What were the challenges (literary, research, psychological, and logistical) in bringing it to life?

The original story took months to work itself out of me, like a thorn coming out slowly from deep in my flesh. And when it was out, and when it was right…it didn't sell. For ten years, it didn't sell. Sometimes the market isn't quite ready for a book. And then, something changes.

When Standard signed for Caleb Son of None, they wanted three more books about Caleb. And they wanted all three in twelve months. Fortunately, the tight schedule of the Millie books and the painful honesty of the Laylie story had been a good school for me.

What advice do you have for picture book writers?

Get out your boots and Indiana Jones whip. It's time to blaze a path through no man's land, between oral tradition and the written word. Your readers are sophisticated thinkers and storytellers who lack only reading skills. Learning to track those letters across the page is one of the most difficult things they will ever do. Use every tool and skill you have to make sure it is a thrilling journey and that the payoff at the end makes the hard work worthwhile.

Dip into child psychology and emergent-reader studies. If your latest contact with that world was Piaget, who believed that a preschool child could not follow a narrative, or "Sesame Street," which was intentionally anti–narrative, you need to do some reading.

A three–year–old may not be able to follow complicated plot twist or subplots, but narrative is essential to them. They order, structure, and understand their world through narrative. They make sense of their daily lives through story.

For those who write YA and adult novels—thank a picture book writer today. If they had not broken that path through the wilderness long ago, no one would be reading your novels. Flowers and chocolates are appropriate gifts for picture book writers. Tossing rose petals in front of them while they walk is acceptable. Large checks are always appreciated.

Sometimes, when I finish a picture book, I put on my YA novelist hat and send my picture-book self a box of truffles.

Those writing for the Christian market?

I have four things to say to Christian writers:

First: avoid religiosity at all costs, and don't make excuses for it. Jesus had very little to do with religiosity, and certainly not the distorted version certain segments of the church display today.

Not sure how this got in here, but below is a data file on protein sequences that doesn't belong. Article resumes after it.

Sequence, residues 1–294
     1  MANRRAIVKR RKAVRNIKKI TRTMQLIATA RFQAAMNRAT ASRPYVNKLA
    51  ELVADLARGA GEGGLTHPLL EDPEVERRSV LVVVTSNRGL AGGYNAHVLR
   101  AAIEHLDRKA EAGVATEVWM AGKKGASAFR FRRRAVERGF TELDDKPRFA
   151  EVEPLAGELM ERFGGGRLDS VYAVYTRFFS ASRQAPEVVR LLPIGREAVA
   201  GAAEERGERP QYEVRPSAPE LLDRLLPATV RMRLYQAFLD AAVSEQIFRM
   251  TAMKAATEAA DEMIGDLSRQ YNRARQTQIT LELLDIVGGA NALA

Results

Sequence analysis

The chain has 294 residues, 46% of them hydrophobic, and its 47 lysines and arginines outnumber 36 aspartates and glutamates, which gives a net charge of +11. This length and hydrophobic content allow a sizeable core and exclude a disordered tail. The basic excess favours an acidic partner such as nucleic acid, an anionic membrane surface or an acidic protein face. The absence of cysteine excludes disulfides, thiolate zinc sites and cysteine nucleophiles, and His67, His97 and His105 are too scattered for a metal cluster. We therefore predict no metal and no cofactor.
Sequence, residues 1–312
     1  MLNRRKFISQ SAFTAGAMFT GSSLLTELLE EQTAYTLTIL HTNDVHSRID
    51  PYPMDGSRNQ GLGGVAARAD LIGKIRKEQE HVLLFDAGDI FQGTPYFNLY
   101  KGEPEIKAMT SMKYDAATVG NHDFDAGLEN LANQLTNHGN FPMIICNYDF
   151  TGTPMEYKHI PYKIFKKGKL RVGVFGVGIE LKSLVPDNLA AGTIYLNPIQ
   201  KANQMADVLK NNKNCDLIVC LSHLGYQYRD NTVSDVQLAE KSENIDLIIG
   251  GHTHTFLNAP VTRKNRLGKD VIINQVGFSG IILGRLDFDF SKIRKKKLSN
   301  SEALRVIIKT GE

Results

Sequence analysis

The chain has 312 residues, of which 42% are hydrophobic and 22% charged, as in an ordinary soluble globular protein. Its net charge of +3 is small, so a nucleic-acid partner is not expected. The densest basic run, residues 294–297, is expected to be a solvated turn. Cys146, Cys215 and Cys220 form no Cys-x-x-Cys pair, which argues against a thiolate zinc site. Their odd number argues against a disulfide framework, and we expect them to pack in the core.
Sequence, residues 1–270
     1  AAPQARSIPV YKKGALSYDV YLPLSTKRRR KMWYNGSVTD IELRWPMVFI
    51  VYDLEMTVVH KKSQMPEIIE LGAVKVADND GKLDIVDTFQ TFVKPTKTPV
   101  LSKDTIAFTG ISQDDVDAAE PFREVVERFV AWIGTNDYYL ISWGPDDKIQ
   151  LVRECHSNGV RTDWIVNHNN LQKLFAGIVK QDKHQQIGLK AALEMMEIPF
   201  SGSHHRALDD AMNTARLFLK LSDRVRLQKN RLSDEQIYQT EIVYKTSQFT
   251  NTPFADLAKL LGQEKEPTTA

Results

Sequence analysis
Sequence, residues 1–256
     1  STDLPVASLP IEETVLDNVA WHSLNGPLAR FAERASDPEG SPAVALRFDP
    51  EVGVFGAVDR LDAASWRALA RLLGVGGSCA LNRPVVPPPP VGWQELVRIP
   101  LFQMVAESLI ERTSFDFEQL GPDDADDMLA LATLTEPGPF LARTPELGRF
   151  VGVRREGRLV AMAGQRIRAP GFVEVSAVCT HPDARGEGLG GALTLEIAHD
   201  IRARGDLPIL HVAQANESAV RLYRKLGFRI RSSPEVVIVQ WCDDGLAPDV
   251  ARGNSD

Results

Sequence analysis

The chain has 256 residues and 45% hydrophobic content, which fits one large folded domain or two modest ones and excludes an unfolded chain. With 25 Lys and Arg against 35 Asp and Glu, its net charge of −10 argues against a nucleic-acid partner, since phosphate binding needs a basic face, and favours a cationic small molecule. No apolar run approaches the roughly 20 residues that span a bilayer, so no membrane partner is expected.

Second: tell the truth. Faith is messy and scary and sometimes confusing. Every Christian is flawed. Write them that way.

People of other faiths—Muslim, Hindu, Wiccan, Buddhist, Pagan, Native people who embrace their traditional religions, etc.—can be deeply moral, caring, honorable people. If, in your books, they are morally or intellectually inferior to the Christians, you have portrayed them as less than human. Dig deeper. Being a follower of Jesus is not about being better than other people.

Third: don't be afraid to rattle the religious crowd. Jesus wasn't. If his Good Samaritan story were told with modern prejudice, it might go something like this:

A Bible scholar asked Jesus, "How do I get eternal life?"

"What does the Bible say?" Jesus asked.

"Love God with all your passion, strength and mind," the man replied. "And to love your neighbor as much as you love yourself."

"Exactly," Jesus said.

That answer was not quite good enough for the Bible scholar. The town was full of dirty people, people who didn't deserve to be loved.

"But who is my 'neighbor'?" he asked.

"Let me tell you a story," Jesus said. "A certain man was traveling through town when two thugs grabbed him. They beat him up, stole his wallet, and left him bleeding and senseless, face down in the filthy gutter.

"The youth director of a local church was in the neighborhood leading his high school group in a community project. When he saw the man in the gutter, he moved his students to the other side of the street. He would never hear the last of it if he let them get involved in that kind of mess.

"A mega–church minister was driving down the street on his way to a pastor's gathering. He slowed as he passed them man, and then went on. At the meeting, he told everyone about what he had seen. They prayed for God to abolish street violence, and voted to create a charitable fund for victims.